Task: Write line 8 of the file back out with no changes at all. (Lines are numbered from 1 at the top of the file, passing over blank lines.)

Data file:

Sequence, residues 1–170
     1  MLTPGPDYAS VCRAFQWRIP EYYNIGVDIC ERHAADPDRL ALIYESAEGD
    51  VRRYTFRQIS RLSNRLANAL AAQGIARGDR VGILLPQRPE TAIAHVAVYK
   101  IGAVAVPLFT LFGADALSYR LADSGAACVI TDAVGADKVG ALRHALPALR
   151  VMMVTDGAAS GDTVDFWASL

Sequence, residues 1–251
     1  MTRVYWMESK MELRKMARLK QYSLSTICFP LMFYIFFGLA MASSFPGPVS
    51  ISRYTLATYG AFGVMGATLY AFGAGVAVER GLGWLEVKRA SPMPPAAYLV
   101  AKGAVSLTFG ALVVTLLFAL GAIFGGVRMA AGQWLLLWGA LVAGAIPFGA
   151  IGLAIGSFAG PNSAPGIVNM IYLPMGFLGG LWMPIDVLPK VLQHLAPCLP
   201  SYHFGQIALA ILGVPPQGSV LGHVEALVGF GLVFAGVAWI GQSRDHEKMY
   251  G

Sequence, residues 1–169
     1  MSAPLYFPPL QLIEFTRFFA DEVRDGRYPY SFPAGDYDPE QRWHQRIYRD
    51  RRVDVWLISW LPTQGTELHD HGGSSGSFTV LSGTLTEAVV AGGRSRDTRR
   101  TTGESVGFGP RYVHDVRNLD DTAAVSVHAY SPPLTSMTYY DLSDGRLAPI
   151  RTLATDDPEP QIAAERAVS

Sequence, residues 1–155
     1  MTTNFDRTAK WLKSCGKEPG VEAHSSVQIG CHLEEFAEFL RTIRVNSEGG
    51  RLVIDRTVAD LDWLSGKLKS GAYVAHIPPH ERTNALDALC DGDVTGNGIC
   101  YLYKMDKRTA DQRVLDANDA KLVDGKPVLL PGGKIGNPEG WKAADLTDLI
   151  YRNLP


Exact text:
    51  ISRYTLATYG AFGVMGATLY AFGAGVAVER GLGWLEVKRA SPMPPAAYLV